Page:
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Leucaena leucocephala leachate compromised membrane integrity, respiration and antioxidative defence of water hyacinth leaf tissues

  • Tsun-Thai Chai1, 2Email author,
  • Keng-Fei Ooh1,
  • Pei-Wan Ooi1,
  • Pei-Sing Chue1 and
  • Fai-Chu Wong1, 2
Botanical StudiesAn International Journal201354:8

DOI: 10.1186/1999-3110-54-8

Received: 5 December 2012

Accepted: 27 March 2013

Published: 21 August 2013

Abstract

Background

Water hyacinth is an invasive aquatic weed in many regions of the world. In this study, the bioherbicidal potential of allelopathic plant Leucaena leucocephala against water hyacinth was investigated using a leaf disc assay.

Results

L. leucocephala leachate enhanced electrolyte leakage from water hyacinth leaf discs in a concentration-dependent manner. Control experiments eliminated the possibilities that increased membrane permeability in the leachate-treated leaf discs was due to pH or osmotic effects of the leachate. Thus, the loss of membrane stability in the leachate-treated leaf discs was likely due to phytotoxins detected in the leachate, namely mimosine and phenolic constituents. Decline in tissue respiration was detected in leachate-treated water hyacinth leaf discs. This suggests that the L. leucocephala leachate may contain compounds which acted as respiratory inhibitors. Enhanced reactive oxygen species production coincided with inhibition of catalase and ascorbate peroxidase activities in the leachate-treated water hyacinth leaf tissues. The injurious effects of L. leucocephala leachate on water hyacinth leaf discs probably involved direct inhibition of antioxidant enzymes in addition to direct involvement of some allelochemicals in reactive oxygen species formation.

Conclusion

In summary, the toxic effects of L. leucocephala leachate on water hyacinth leaf discs likely lay in its ability to effectively compromise the membrane integrity, tissue respiration and antioxidant defence of the latter.

Keywords

Allelopathy Ascorbate peroxidase Catalase Eichhornia crassipes Electrolyte leakage Leucaena leucocephala Reactive oxygen species Respiration

Background

Water hyacinth, Eichhornia crassipes (Mart.) Solms., is a floating aquatic plant native to Brazil. This species is an invasive weed in numerous freshwater ecosystems between 40°N and 40°S worldwide. Water hyacinth is fast-growing and often forms dense mats on lakes, rivers, and waterways. Rapid, uncontrolled proliferation of water hyacinth adversely affects aquatic fauna and flora, impacting local biodiversity seriously. Colonisation of water bodies by water hyacinth poses problems to human activities, such as agriculture, recreation, power generation and transportation (Malik, 2007).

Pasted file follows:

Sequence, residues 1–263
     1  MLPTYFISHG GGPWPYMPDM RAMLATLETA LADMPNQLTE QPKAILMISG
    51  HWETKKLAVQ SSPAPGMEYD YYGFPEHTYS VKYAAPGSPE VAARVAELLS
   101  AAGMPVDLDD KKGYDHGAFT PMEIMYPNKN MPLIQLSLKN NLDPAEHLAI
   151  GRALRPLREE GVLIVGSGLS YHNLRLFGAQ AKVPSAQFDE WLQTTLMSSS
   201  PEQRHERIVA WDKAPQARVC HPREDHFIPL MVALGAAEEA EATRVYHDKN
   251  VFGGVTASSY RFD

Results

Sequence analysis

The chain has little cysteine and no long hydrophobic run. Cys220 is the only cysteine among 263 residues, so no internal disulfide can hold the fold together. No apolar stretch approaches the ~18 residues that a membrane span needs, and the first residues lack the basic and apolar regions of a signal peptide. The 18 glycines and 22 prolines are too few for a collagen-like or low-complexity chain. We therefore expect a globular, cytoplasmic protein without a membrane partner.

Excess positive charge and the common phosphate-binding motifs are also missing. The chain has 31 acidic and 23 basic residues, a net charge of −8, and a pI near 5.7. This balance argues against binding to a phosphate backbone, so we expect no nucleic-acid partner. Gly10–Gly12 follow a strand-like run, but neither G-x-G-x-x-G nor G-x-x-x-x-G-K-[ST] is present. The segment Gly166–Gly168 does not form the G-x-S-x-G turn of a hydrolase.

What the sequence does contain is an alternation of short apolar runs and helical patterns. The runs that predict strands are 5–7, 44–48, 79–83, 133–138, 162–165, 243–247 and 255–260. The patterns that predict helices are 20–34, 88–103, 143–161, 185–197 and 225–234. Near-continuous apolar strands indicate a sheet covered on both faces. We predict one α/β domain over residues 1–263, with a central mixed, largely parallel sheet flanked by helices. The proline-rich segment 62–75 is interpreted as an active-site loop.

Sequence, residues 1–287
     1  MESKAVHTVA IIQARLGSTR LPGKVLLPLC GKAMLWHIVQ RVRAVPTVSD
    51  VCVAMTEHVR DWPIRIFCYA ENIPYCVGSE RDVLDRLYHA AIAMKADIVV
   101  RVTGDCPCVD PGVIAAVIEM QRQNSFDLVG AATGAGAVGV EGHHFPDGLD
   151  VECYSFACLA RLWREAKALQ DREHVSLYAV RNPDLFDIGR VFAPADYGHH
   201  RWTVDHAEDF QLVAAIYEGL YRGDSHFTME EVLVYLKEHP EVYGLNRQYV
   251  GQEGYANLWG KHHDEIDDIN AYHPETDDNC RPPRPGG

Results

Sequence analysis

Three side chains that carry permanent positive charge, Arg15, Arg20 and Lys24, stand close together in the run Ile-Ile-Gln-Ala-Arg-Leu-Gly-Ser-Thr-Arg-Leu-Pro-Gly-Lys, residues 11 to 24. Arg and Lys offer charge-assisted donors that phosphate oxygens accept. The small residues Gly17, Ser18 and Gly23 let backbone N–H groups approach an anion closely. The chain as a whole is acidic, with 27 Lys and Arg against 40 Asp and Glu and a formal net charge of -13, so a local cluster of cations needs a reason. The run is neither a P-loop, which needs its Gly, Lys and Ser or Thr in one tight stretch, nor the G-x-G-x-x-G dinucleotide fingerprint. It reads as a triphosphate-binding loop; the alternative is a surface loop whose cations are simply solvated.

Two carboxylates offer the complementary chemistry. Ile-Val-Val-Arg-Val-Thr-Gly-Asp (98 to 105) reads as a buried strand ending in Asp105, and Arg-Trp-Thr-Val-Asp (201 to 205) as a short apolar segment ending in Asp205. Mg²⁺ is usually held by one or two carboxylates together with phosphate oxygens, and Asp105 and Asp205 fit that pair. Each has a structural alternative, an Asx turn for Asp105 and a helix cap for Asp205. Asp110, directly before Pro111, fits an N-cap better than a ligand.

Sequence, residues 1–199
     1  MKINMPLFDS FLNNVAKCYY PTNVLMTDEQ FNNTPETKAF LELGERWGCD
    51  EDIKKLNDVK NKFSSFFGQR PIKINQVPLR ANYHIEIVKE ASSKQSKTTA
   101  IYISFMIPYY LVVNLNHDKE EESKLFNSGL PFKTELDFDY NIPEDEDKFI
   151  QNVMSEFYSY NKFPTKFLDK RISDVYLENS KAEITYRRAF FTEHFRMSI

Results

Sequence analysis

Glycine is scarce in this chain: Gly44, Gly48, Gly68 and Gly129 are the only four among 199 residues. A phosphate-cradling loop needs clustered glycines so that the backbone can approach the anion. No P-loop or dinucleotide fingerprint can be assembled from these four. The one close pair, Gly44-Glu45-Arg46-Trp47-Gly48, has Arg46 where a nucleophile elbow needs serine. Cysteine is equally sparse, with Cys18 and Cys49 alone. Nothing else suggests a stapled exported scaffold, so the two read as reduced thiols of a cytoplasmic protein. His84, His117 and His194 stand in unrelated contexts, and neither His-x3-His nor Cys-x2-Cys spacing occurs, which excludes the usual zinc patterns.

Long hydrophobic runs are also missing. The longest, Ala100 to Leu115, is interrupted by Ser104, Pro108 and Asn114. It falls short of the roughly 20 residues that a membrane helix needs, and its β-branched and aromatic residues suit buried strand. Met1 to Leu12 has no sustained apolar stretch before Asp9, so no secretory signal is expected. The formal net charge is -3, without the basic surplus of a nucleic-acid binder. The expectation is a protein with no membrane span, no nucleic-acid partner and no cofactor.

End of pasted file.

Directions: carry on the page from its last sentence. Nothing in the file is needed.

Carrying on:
The application of allelochemicals, in either pure or crude form, is a potentially valuable and sustainable approach in aquatic weed control (Szczepanski, 1977; Singh et al., 2003). Being natural plant products, allelochemicals are considered relatively eco-friendly as they are likely to degrade rapidly in the environment. The effectiveness of powders or extracts of allelopathic plants in inhibiting the growth of water hyacinth or killing the weed has been demonstrated (Pandey et al., 1993; Kathiresan, RM RM 2000; Saxena, 2000).

Leucaena leucocephala (Fabaceae) is an allelopathic tree species that is widespread in tropics and subtropics. Phytotoxic allelochemicals identified in the leaves of this legume species include mimosine and phenolic compounds, such as quercetin, p-hydroxycinnamic acid, protocatechuic acid, and gallic acid (Chou and Kuo, 1986). The physiological mechanisms of allelochemicals are complicated, and the outcome of an allelopathic interaction between two plants is often species-dependent (Iftikhar Hussain et al., 2008). Although the bioherbicidal activity of L. leucocephala on other terrestrial plants is well-established (Hong et al., 2003; John and Narwal, 2003), little is known about its effects on water hyacinth or other aquatic weeds.

Phenolic allelochemicals often adversely affect the membrane stability, respiration and oxidative status of plant cells (Einhellig, 2004; Weir et al., 2004; Gniazdowska and Bogatek, 2005; Li et al., 2010). Mimosine is known to inhibit the activities of iron-containing enzymes, some of which are important antioxidant enzymes in plant cells, e.g. catalase and peroxidase (Prasad and Subhashini, 1994; Andrade et al., 2008). Hence, there are two objectives in this study: first, to confirm whether L. leucocephala leachate is phytotoxic to water hyacinth, based on its effects on membrane integrity and tissue respiration; second, to confirm whether any phytotoxicity detected is mediated by suppression of antioxidative defence.

Methods

Preparation of Leucaena leucocephala leachates